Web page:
3 Studying Habits You Should Get Used To

Learning new material can be a difficult task if you are not prepared enough. On other days, you might feel it flowing much better into your head, and you might feel more positive and motivated. On such days, you probably feel as though you are at the peak of your productivity, but sadly these days don’t often last.

At times, you might trigger this by accidentally doing the right thing, like going to bed earlier than usual and getting a good amount of sleep, to name one benefit. Here are some habits which can ensure that positive feeling sticks around for longer and appears more frequently during your studies.

Notes vs underlining

We are all different learners. Some people prefer to underline the most important parts in a book, or highlight specific parts of the document. Others, however, prefer to write down notes, and even re-write them a couple of times after they have been polished. This helps them to remember.

From an objective viewpoint though, there is a clear victor among these two and it’s quality note-writing. Ironically the reason for it is subjective because underlining can sometimes result in unnecessary highlighting and taking things out of context. This can impact the ability to understand the matter at hand, but of course, that part often depends on the person.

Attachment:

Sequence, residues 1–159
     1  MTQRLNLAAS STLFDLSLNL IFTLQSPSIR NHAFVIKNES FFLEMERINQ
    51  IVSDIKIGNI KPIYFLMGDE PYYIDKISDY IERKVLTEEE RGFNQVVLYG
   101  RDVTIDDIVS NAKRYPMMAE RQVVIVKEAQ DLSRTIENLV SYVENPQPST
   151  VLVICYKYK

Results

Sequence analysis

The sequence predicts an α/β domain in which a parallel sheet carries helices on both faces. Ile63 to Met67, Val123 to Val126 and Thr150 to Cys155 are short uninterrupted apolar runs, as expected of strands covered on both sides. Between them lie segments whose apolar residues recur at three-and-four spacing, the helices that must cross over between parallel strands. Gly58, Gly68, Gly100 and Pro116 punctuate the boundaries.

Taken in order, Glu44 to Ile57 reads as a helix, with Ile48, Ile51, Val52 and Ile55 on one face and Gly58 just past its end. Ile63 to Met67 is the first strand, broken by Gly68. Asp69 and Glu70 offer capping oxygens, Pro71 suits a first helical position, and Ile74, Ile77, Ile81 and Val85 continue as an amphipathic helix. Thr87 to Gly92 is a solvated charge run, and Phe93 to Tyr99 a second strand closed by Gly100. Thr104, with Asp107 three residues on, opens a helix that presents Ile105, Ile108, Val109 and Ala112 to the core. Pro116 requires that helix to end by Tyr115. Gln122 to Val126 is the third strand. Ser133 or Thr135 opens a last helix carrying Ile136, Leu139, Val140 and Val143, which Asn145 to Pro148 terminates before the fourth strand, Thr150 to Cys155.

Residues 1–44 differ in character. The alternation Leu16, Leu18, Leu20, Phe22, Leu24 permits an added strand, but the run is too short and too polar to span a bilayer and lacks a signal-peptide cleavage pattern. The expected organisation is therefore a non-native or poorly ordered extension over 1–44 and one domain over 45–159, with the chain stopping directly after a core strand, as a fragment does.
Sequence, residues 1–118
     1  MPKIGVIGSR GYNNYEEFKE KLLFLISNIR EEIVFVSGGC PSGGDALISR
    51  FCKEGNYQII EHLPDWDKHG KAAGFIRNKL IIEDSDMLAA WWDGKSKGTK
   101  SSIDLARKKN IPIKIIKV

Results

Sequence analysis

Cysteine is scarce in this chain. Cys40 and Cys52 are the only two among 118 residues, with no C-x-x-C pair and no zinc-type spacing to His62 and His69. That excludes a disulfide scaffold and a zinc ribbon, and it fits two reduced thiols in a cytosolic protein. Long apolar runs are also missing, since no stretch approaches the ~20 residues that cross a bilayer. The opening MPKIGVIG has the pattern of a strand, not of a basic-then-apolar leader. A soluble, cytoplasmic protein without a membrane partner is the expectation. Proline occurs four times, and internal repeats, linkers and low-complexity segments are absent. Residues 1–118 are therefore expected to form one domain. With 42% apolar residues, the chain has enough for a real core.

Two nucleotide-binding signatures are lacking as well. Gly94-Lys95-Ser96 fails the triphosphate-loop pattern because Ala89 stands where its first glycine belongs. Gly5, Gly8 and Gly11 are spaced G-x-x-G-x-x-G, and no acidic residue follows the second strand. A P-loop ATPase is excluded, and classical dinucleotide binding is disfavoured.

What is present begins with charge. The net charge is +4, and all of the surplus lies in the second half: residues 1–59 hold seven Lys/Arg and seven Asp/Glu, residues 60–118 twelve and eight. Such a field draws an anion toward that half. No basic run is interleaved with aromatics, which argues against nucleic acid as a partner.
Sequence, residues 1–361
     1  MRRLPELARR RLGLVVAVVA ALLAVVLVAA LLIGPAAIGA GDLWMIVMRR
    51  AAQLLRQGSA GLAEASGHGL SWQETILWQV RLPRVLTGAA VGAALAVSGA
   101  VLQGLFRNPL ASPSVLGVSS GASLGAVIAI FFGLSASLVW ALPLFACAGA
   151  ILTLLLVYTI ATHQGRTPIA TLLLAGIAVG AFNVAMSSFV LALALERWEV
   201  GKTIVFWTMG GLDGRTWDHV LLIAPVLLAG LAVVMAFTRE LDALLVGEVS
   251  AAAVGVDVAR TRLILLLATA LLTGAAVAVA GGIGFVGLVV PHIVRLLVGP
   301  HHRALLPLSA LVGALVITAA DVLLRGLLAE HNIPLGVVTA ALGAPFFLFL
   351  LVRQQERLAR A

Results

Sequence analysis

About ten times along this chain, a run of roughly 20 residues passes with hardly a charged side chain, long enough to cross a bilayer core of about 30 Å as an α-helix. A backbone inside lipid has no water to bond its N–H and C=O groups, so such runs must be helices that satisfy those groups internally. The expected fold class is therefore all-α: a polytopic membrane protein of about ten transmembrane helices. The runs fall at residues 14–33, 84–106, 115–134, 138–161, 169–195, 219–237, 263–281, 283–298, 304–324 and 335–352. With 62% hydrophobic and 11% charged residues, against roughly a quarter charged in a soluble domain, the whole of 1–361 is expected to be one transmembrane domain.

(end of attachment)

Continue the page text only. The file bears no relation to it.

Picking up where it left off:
Case studies and examples help retain knowledge

When learning something new, be sure to look up examples or case studies of it online. Books and scripts are often phrased according to specific guidelines and rules. For instance, a language has specific rules in place, but you’d much sooner remember an example of the Present Perfect tense, for example, than the raw definition of it without the example.

There are examples for the majority of knowledge out there, and only certain parts of certain sciences are left to theory. Physics, for instance, often deals with subjects which are assumed to occur in “the perfect environment,” which simply doesn’t exist. Thus, one can only speculate and can’t see real physical evidence.

Eliminate distractions

Turn off your Wi-Fi and leave your phone aside. The last thing you need during the delicate process of learning is a Facebook notification to distract you. Is it a message? Is it a plane? No, it’s a distraction! So leave it be.

You can leave your mobile turned on so if there is something urgent going on, you’ll be open to calls, but social media and apps are not an urgency and can be put on hold for a few hours.

If you like listening to music, listen to instrumentals which aren’t as distracting. Some people can listen to music and not get engaged into singing or listening specifically to it, but others can’t. Great choices of background using are available online. Just search for coffee shop music or something similar and you’ll probably find more than a few live streams which could suit your studying needs.

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